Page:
How many people can the Earth sustain? It has varied tremendously from 3000 BCE’s 0.03 billion (30 million) to 2014 CE’s 7.1 billion. That’s roughly 237 times as many people now living as then, and that early date is after agriculture was several thousand years old. The population had grown to about 0.2 billion (200 million) by 1 CE and that’s 36 times as many people now as then. The population growth was roughly steady until about 1625 when it reached 0.5 billion (500 million), but then the land became able to support more and more people. For four thousand years growth was so slow, that what would have been almost imperceptible on any local level then became a population explosion that is easily experienced almost everywhere today. New houses are going up every day. Population went from 30 million in 3000 BCE to 300 million in 1000 CE; that’s a growth of ten times in four thousand years. But, going back from the 7.1 billion of the present to one tenth or 710 million, that is only to 1750, just before the American Revolution. Ten times growth in 260 years versus 4,000 years, and that means we are now living with a sustained growth rate 15 times faster than before.
We are presently experiencing a population explosion, and have grown up for generations expecting that to be a normal situation. It isn’t normal; normal for almost all species almost all the time is no population growth whatsoever over a period of a many generations. Normal is living in balance with the environment. When there are too many of a given species, their food supply is eaten up by the other members of their own species, because those other individuals can eat exactly the same foods. The population expands to the sustainable food supply and then, in a complex web of living things, stays fairly close to an optimum number.
I have created a graph showing this ongoing population explosion. It is based on professional demographers, Hyde, McEvedy and the UN’s works. I have simply drawn a line through their existing data points, smoothed it and tagged it to specific and easily remembered dates. These points are within the error limits of those professional demographers’ estimates of historical populations, and between their estimates.
The chart above demonstrates that my smoothed estimates are almost always within the estimates of the professional demographers. I have also drawn high and low limit lines that all known estimates are clearly within. The Probaway numbers are only estimates, as it is impossible to know precisely any of the data, but this presentation although it has precise numbers doesn’t imply precision. 200 million people at year 1 CE only means the actual population was somewhere near halfway between the 400 million high estimate and the 100 million low estimate. It is all soft estimates of very real but impossible to know facts.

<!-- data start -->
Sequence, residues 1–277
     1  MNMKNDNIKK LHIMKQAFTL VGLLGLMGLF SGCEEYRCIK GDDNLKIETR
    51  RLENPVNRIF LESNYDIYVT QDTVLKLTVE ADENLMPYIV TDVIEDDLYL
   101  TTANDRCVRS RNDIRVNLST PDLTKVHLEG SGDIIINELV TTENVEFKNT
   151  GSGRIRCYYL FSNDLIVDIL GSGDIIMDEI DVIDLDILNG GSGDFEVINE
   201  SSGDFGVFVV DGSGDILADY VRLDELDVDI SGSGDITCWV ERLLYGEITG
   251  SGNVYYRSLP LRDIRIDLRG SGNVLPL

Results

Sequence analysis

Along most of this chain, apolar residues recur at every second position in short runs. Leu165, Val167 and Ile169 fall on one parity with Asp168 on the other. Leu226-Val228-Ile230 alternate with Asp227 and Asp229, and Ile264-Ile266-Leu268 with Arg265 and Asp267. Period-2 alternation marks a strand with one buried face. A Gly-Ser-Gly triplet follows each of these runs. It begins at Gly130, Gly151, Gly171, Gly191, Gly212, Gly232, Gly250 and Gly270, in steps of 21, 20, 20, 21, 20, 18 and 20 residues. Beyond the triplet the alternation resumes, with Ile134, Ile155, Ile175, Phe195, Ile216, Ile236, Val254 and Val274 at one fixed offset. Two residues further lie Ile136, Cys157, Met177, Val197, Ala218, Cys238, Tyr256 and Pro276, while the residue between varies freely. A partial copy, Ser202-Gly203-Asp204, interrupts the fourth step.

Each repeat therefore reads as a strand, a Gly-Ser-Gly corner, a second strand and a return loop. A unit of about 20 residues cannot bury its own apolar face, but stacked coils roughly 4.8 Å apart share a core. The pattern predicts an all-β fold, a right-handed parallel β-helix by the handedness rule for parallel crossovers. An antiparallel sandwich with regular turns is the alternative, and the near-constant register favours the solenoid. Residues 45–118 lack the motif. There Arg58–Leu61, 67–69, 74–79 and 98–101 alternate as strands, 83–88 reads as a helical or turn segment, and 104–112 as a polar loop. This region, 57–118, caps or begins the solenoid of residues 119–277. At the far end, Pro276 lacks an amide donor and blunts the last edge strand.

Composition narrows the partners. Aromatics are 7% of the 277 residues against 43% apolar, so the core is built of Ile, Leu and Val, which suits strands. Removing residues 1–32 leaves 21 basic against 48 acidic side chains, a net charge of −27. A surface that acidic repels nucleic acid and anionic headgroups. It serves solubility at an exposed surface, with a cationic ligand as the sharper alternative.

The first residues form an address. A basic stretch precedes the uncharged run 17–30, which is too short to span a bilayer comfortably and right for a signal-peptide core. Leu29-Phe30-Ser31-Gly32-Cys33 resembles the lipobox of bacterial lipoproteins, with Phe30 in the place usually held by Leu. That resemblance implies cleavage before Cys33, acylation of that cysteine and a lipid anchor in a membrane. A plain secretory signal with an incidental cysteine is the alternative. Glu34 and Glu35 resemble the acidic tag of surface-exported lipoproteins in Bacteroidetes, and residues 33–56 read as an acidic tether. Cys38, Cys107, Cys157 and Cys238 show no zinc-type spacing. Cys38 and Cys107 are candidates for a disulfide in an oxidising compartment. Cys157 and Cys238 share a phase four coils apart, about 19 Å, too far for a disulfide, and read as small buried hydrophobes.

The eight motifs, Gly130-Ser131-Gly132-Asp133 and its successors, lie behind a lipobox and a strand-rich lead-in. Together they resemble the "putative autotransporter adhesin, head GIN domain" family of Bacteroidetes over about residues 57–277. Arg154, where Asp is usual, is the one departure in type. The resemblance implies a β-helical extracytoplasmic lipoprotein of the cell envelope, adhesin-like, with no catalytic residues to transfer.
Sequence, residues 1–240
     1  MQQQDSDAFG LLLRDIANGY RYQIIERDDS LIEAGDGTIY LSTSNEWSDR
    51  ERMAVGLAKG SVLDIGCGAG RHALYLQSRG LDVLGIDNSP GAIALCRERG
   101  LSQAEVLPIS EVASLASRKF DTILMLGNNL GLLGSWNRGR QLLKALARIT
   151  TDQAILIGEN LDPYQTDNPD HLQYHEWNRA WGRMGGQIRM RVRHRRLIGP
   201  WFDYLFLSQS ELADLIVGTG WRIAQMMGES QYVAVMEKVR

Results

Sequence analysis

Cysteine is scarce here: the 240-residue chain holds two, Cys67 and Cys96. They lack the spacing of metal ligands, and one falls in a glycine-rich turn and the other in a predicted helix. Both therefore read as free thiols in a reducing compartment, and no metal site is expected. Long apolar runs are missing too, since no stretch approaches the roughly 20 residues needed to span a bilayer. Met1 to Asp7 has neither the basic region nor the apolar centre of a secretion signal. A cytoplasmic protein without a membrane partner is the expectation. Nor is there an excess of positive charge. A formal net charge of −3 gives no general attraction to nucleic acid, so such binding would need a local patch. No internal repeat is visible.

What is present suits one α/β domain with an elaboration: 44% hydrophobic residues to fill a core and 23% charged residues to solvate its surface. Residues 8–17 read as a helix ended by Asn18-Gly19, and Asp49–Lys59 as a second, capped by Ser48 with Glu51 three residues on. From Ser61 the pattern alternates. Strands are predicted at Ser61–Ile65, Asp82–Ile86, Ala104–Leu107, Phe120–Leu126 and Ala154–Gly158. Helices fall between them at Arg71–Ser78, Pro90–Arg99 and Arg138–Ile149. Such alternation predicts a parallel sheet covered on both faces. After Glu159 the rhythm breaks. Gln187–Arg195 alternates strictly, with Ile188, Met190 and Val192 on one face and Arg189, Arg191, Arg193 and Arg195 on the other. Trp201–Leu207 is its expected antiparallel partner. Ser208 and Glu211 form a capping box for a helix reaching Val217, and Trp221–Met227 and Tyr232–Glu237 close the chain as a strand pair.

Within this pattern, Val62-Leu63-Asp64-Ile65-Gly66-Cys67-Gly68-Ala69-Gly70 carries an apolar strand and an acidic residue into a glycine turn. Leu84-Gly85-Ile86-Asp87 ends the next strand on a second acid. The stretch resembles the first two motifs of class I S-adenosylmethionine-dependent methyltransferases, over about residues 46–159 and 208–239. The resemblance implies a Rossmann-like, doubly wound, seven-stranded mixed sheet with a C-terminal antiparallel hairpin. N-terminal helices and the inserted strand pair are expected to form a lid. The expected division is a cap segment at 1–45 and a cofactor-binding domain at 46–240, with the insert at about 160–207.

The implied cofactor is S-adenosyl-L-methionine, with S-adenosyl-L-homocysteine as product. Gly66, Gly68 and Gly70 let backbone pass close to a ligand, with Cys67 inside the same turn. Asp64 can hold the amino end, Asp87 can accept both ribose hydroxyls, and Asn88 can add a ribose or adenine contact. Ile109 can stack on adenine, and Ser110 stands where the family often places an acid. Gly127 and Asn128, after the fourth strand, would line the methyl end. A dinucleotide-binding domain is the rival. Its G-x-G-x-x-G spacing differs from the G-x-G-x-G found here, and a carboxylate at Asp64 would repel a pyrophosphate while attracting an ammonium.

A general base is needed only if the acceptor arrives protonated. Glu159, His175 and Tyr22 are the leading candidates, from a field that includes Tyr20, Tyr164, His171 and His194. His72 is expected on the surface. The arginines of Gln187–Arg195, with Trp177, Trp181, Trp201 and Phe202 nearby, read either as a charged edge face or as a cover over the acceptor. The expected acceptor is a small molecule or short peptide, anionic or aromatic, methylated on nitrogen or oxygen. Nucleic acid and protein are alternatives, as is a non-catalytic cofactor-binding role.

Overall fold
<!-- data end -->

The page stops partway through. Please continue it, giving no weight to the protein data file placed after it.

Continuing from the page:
5000 ~ 0.005 ~ 5 million humans at 5000 BCE
4000 ~ 0.01
3000 ~ 0.02
2000 ~ 0.05
1000 ~ 0.1 ~ 100 million humans in 1000 BCE
1 CE ~ 0.2
1000 ~ 0.3
1626 ~ 0.5
1825 ~ 1. ~ One billion humans in 1825 CE
1925 ~ 2.
1975 ~ 4.
2000 ~ 6.
2025 ~ 8. ~ Eight billion humans in 2025 in eleven years ?
Note the world population approximately doubled each 1000 years from 5000 BCE to 1000 CE, but it doubled in only 50 years from 1925 to 1975. That is 20 time faster than that previous 6000 year period. We are still living in times of explosive growth. The growth of humanity is based on our being ever more capable of converting natural resources occurring in nature to creating food for our consumption.
At first it was human labor creating food by digging gardens with hand tools, then came draft animals pulling ever better plows, that coupled with ever improving quality of genetically domesticated crops getting more edible food from a given crop plant. With coal-driven steam power more human energy could be given to other things like building steam tractors could till the soil deeper; then came gas-powered machines that were cheaper and capable of other farming tasks, then came bigger and more efficient machines for doing the many tasks needed for the creation and preservation and transportation of food.
The problem looming for humanity is that nearly all of the growth since the 1600 take-off of population is powered by the use of stored energy sources, like coal, oil, gas, uranium, but these are one time use energy sources, when they are consumed they are gone forever, and there is a limited supply that will become scarce in a hundred years. Only the sun can last forever, in human terms, so ultimately we will have to generate our energy and derive our food more directly from the sun’s energy. If that proves difficult to do then the population must drop back to what can be done.
[Update September 30, 2014 – World Population history tweaked.]